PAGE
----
Louisa May Alcott (b. 1832)
C. S. Lewis (b. 1898)
Madeleine L'Engle (b. 1918)
He said: "Life is our dictionary ... This time, like all times, is a very good one, if we but know what to do with it ... Give me insight into to-day, and you may have the antique and future worlds."
It was Tense.
A real word with an unexpected meaning
verb intr.: To walk about.
ETYMOLOGY: From Latin ob- (to) + ambulare (to walk). Earliest documented use: 1614.
---posted on "A Word A Day" by Anu Garg
"Of the natural problems we face every day, very few have concrete solutions. But with a puzzle, you have that feeling of completion, which is very satisfying. You have not a solution but the perfect solution."
According to Merriam-Webster it's "pragmatic".
You don't have to be a chemist to know that it reads the same upside down.
--from daily Wordsmith column
Life Magazine: Where Cliches Come From
"I hope I'm objectified."
From tweets to common usage
FYI: OMG and LOL are now in the Oxford English Dictionary.
TMI and BFF are already in there.
Merriam-Webster has chosen "Austerity" as the Word of the Year.
The choice is based on the number of times a word is looked up in M-W's on-line dictionary.
Austerity is defined as "the quality or state of being austere" and "enforced or extreme economey"
Uttering a word is like striking a note on the keyboard of the imagination.
--Ludwig Wittgenstein, philosopher (1889-1951)
Don't "overthink" this...
Information fatigue syndrome
from an article in AARP Magazine:
Researchers at the University of California--San Diego recently found that, on average, Americans hear, see, or read 34 giga-bytes worth of information a day--about 100,000 words--from TV, the Internet, books, radio, newspapers, and other sources.
Good ol' "Serendipity"
It was on this day in 1754 that the word "serendipity" was first coined. It's defined by Merriam-Webster as "the faculty or phenomenon of finding valuable or agreeable things not sought for." It was recently listed by a U.K. translation company as one of the English language's 10 most difficult words to translate. Other words to make their list include plenipotentiary, gobbledegook, poppycock, whimsy, spam, and kitsch.
The invention of many wonderful things have been attributed to "serendipity," including Kellogg's Corn Flakes, Charles Goodyear's vulcanization of rubber, penicillin, inkjet printers, Silly Putty, the Slinky, and chocolate chip cookies.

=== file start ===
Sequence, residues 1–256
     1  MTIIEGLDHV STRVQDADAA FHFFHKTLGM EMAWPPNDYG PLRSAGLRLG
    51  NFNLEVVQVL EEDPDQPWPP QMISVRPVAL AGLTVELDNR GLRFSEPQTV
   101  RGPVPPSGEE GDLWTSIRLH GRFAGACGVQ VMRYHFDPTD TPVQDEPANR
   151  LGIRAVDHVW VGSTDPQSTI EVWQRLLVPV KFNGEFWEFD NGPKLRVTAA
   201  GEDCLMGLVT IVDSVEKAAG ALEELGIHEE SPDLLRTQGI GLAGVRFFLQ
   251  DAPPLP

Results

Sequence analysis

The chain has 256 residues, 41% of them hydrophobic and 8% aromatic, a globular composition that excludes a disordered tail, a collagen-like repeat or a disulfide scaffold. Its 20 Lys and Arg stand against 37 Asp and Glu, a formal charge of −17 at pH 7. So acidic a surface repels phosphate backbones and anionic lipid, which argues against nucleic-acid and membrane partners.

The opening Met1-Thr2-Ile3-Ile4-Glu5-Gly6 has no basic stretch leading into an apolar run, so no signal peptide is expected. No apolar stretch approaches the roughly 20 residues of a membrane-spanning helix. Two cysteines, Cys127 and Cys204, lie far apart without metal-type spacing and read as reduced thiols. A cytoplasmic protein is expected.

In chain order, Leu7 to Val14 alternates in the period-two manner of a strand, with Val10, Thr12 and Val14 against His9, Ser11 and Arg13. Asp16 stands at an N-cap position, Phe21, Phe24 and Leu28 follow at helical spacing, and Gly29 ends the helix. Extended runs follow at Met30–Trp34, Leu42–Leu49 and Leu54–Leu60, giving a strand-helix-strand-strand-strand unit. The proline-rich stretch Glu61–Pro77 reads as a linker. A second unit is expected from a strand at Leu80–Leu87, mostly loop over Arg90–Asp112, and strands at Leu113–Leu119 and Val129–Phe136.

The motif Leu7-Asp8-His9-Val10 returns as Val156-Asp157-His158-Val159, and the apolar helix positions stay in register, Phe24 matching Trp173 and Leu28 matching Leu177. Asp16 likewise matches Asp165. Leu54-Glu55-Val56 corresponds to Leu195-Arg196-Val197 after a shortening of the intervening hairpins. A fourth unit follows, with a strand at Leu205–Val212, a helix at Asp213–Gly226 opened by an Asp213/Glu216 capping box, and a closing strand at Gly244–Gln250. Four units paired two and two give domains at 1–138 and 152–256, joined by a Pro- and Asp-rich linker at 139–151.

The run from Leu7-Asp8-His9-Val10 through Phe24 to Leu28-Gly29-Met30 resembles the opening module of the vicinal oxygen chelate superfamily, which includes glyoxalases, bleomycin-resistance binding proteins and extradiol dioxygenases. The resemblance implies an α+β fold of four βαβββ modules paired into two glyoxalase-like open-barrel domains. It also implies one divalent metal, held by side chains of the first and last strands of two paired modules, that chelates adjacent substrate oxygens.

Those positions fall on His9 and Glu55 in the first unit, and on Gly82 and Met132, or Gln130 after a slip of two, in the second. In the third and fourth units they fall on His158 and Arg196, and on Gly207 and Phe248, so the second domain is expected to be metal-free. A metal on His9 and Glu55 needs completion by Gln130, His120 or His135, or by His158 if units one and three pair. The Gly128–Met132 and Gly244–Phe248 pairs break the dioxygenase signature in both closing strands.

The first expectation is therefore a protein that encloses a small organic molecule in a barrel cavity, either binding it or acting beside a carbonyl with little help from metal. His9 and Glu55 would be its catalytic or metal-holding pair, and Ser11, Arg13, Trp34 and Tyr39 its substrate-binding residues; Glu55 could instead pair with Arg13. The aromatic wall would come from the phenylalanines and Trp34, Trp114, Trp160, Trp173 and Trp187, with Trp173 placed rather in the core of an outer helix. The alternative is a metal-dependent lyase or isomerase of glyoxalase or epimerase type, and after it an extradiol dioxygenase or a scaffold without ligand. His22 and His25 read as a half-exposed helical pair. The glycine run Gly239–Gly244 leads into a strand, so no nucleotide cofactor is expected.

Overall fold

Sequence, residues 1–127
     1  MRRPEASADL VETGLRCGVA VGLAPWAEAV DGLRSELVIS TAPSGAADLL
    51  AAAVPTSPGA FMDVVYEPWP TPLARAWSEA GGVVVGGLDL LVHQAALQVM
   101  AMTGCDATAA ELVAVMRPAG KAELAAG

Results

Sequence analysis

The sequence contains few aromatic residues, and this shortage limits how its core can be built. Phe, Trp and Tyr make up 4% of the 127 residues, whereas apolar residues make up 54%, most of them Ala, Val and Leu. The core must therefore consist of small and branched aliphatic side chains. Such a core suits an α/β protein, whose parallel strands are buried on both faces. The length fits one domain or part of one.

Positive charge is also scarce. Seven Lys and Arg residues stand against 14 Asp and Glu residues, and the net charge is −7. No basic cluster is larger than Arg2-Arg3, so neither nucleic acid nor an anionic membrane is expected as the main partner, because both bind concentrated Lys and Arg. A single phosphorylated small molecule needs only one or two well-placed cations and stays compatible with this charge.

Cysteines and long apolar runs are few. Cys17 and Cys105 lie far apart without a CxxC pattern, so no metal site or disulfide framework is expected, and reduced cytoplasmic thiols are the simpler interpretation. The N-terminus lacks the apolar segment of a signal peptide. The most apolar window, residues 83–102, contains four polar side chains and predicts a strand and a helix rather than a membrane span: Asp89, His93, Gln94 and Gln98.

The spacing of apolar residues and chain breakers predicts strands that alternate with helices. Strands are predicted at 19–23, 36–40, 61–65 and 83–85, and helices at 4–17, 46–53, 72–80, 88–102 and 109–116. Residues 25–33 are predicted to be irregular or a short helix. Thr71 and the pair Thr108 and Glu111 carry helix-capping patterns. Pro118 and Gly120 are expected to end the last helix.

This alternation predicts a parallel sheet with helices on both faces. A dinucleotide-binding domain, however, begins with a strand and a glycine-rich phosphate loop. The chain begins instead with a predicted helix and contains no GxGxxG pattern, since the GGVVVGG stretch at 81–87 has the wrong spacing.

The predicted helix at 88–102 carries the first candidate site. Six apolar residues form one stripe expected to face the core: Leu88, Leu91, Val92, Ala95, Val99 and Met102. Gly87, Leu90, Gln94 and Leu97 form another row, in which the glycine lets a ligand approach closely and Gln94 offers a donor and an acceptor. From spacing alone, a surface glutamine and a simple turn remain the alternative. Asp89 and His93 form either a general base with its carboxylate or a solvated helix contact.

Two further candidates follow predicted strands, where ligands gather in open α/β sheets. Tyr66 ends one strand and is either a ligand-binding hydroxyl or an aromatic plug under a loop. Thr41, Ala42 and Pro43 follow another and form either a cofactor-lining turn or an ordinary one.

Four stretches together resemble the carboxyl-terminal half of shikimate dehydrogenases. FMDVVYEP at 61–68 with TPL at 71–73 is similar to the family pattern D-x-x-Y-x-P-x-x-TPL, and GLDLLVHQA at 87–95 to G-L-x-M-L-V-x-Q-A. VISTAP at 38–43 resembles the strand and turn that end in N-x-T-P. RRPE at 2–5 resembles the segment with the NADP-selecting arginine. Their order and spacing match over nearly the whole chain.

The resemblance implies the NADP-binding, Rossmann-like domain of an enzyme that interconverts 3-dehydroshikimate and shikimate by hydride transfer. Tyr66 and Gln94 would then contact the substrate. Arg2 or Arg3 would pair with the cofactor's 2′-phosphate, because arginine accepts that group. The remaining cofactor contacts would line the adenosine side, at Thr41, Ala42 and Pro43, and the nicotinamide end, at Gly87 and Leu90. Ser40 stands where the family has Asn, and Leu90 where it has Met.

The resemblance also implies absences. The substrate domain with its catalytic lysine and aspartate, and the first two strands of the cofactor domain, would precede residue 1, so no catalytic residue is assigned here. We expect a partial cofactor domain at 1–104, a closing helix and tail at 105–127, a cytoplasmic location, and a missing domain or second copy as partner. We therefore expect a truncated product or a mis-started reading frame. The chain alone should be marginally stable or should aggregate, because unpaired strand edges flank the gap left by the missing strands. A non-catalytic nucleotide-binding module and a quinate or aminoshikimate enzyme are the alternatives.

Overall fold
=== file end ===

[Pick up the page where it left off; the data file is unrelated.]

According to the American Dialect Society,
the word of the year was "tweet"
the word of the decade was "google"
the most outrageous word was "death panel"
and the most creative word was "Dracula sneeze"
The word "set" has the largest number of meanings -- the Oxford English Dictionary has 26 pages devoted to this little three-letter word.
"That's a great deal to make one word mean," Alice said in a thoughtful tone.
"When I make a word do a lot of work like that," said Humpty Dumpty, "I always pay it extra."
What was the 2008 "Word of the Year"?
Where did the word "maverick" originate?
Here is a man who read the entire UNABRIDGED Oxford English Dictionary!That's almost 22,000 pages in 20 volumes. It took him a year.
From Aunt Lois, comes this story:
I came across this phrase in a book yesterday "FENDER SKIRTS".
A term I haven't heard in a long time and thinking about "fender skirts"
A Winning Word
A Boston carpenter just set a new record for the most points scored on one word in an official game of Scrabble. The word was QUIXOTRY (exceedingly idealistic; unrealistic and impractical) and he got so many points because he used the high-value Q, X,
ABC order or ZYX order ?
Laurence Urdell, former editor of the Random House Dictionary, became tired of standing in line in alphabetical order because he was always down near the end. To remedy this he coined the word zybetical which would list the letters in the reverse or
This week, my Word-of-the-Day is featuring slang terms that can be traced to specific languages. I was surprised to read the following:
This week's theme: slang/informal terms.
skosh (skosh) noun
A small amount; a little bit.